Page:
Climate change and coastal birds: research questions and policy responses
Version of Record online: 23 SEP 2004
Volume 146, Issue Supplement s1, pages 120–124, September 2004
How to Cite
Sutherland, W. J. (2004), Climate change and coastal birds: research questions and policy responses. Ibis, 146: 120–124. doi: 10.1111/j.1474-919X.2004.00336.x
- Issue online: 23 SEP 2004
- Version of Record online: 23 SEP 2004
- Received 11 March 2004; revision accepted 31 March 2004.
The main research questions emerging from this meeting are: how will the climate change? How will the physical environment and vegetation change? How can predictive models of birds be improved? How important are extreme events? How can complexity be dealt with? Can we also predict increases? How will non-native species respond? Will species adapt? What is the effectiveness of current coastal conservation measures? Some of the main policy responses raised at the meeting were: adopt long-term plans, reduce other stresses; reconsider the status quo; create habitats; change public perceptions towards natural ecosystems; take potential problems associated with non-native species more seriously; convince policy-makers of the scientific realities; and consider the establishment of a panel on biodiversity change.
The BOU meeting on climate change and coastal birds, on which this Ibis special issue is based, was highly unusual in that it was probably the first ever BOU meeting in which after three-quarters of a day of talks there had been no mention of birds. The conference succeeded in bringing together researchers and policy-makers from a wide range of perspectives to create a stimulating meeting. For this summary I will concentrate on two issues: what are the future research questions, and what are the possible future policy responses? I will not, however, attempt to provide a complete shopping-list of possibilities but will focus on the issues raised at the meeting.
How will the climate change?
There is excellent evidence for the increased concentrations of CO2 and for increased temperatures with warmer summers and less cold winters (Watkinson et al. 2004). The main mechanisms by which global warming and sea-level rise occurs are also well accepted. There is, however, greater uncertainty over the timing and extent of warming and there are currently a range of predictions (Watkinson et al. 2004). This uncertainty becomes greater when considering local predictions. There is intense global research to refine and validate our existing understanding and predictions, and this is obviously essential information. The International Panel on Climate Change (IPCC) is widely acknowledged as being an excellent example of how to bring together scientists with conflicting beliefs, data and models to create a consensus view while still acknowledging areas of uncertainty and dispute.
The fine detail as to precisely how the climate changes may well be critical. For example, Piersma and Lindström (2004) describe the importance of wind systems to migration systems, so that seasonal changes in the direction of winds could have serious consequences for those birds that migrate. Similarly, predicting the frequency of extreme events, such as severe weather, is probably important, but extreme events are notoriously difficult to predict.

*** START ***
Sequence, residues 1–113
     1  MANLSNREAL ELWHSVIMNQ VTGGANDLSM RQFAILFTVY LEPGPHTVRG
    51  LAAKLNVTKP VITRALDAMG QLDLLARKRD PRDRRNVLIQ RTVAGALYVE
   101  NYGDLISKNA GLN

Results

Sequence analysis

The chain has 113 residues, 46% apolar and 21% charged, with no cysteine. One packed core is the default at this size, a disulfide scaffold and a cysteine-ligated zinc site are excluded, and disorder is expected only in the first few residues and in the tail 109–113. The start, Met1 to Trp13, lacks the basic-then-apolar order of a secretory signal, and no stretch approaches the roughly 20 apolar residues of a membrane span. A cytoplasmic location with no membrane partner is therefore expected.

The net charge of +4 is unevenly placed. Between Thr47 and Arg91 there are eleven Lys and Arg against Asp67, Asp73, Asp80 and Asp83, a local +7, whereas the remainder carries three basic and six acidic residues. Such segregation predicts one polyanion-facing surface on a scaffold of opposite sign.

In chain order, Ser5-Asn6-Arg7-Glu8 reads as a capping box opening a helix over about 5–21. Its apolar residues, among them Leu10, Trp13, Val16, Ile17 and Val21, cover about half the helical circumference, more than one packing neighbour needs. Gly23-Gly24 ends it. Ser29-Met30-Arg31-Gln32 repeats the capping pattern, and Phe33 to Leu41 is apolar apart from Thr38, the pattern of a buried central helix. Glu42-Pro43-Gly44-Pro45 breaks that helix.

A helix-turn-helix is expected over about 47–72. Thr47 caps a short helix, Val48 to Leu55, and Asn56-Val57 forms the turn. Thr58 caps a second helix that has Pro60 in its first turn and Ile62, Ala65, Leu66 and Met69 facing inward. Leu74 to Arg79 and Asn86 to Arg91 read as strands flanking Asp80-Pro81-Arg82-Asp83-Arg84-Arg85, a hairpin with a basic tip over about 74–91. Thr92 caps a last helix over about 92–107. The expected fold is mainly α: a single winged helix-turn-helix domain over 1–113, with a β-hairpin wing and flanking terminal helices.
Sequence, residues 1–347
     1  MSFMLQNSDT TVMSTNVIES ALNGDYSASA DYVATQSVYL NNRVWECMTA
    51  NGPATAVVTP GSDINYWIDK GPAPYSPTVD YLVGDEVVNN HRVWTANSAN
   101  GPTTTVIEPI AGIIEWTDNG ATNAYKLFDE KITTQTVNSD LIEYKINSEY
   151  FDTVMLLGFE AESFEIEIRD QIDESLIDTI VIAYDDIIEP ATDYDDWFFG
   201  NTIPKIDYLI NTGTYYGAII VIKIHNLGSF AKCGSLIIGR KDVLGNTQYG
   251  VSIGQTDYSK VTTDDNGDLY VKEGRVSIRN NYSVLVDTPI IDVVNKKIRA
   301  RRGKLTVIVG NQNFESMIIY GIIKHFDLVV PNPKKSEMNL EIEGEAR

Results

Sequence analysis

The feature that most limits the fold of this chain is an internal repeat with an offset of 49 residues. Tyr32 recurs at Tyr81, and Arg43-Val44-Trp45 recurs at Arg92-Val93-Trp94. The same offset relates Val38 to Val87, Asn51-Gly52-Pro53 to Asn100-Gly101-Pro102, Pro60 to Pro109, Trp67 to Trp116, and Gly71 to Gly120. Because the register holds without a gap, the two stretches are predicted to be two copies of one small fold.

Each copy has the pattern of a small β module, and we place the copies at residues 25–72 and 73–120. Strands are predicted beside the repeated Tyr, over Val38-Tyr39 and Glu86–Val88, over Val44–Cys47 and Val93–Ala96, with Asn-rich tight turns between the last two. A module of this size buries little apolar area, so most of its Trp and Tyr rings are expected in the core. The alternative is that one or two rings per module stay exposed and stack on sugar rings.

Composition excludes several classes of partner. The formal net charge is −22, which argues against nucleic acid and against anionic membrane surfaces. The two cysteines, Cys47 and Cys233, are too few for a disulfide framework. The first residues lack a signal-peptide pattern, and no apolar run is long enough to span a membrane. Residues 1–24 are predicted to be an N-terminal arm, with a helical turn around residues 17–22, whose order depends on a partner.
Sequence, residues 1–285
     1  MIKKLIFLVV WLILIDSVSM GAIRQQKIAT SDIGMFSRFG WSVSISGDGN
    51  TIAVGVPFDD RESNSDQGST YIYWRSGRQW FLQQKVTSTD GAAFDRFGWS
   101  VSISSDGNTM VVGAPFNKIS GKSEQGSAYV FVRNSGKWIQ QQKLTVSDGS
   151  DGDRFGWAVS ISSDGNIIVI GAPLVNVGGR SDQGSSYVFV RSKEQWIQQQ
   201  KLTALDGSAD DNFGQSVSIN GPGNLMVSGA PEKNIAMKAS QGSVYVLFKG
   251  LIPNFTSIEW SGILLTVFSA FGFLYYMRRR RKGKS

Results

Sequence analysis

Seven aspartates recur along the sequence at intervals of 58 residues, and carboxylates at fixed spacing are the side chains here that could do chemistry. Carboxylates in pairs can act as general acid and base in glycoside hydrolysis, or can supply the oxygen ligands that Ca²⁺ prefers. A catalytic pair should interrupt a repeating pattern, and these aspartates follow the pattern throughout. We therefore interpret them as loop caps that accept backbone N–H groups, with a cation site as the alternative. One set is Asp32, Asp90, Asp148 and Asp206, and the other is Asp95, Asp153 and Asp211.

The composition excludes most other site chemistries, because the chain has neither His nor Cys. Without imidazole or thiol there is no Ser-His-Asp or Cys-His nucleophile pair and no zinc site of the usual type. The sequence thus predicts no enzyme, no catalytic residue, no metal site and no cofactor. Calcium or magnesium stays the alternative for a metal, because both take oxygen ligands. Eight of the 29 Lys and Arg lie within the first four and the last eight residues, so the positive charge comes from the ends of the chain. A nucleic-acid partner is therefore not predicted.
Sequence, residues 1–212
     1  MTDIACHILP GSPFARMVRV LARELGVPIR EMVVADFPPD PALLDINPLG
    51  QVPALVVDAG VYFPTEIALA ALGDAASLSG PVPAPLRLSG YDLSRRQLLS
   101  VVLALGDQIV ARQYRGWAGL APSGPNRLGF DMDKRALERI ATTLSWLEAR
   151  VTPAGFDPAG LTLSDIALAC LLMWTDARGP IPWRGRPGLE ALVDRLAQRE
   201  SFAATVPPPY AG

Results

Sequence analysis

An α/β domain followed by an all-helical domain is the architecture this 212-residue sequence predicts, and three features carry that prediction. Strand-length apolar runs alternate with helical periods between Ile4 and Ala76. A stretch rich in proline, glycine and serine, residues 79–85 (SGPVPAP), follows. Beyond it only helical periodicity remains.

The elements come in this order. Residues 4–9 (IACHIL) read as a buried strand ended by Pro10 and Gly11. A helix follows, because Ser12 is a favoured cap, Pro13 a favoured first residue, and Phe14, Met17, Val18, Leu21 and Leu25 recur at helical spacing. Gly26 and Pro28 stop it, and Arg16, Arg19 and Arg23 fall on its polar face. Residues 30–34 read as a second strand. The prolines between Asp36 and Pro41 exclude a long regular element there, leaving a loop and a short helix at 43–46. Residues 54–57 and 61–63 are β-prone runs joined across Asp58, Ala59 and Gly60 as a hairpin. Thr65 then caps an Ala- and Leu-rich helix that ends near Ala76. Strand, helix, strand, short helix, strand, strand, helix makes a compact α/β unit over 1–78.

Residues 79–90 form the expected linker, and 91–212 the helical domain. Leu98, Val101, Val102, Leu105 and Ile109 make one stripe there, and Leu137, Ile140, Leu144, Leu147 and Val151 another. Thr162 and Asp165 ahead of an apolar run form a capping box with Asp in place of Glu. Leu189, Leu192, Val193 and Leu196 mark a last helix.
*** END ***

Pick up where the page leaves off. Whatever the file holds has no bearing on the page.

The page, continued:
How will the physical environment and vegetation change?
Many papers in this special issue raise the difficulties associated with predicting habitat changes, such as those relating to hydrology and sedimentology (Crooks 2004, Hughes 2004), which are likely to have impacts particularly on saltmarsh (Knogge et al. 2004), and temperature and vegetation changes to tundra (Piersma & Lindström 2004). A critical issue is the time lag: whether the responses take place over years, decades or centuries is of considerable conservation importance. Such information is obviously essential as habitat change represents the intermediate stage between climatic responses and the responses of birds. The isostatic lowering of land (e.g. in southeast England) provides one opportunity to study coastal changes that might also occur as a result of climate change. Hughes (2004) describes how, in some areas, saltmarshes have accreted even in the presence of isostatic lowering, thus resulting in the land being relatively higher than the sea. Determination of historical patterns of pollen abundance of tundra species in response to previous climatic change is another obvious approach to predicting responses of tundra vegetation to anticipated climate perturbations.
How can predictive models of birds be improved?
Norris et al. (2004) describe how predictive models have been successful in answering a wide range of questions relating to climate change (e.g. Percival et al. 1998). As they point out, behaviour-based game theory models have the strength that they can be used for considering population ecology under novel conditions. Conventional models often cannot deal with conditions outside the range in which the parameters and biological processes were determined. Producing predictive models has the advantage of considering the likely magnitude of responses and in identifying areas of ignorance. However, as Norris et al. (2004) state, there is a need to consider wider spatial scales and to link physical models of coastal environments to ecological models.
How important are extreme events?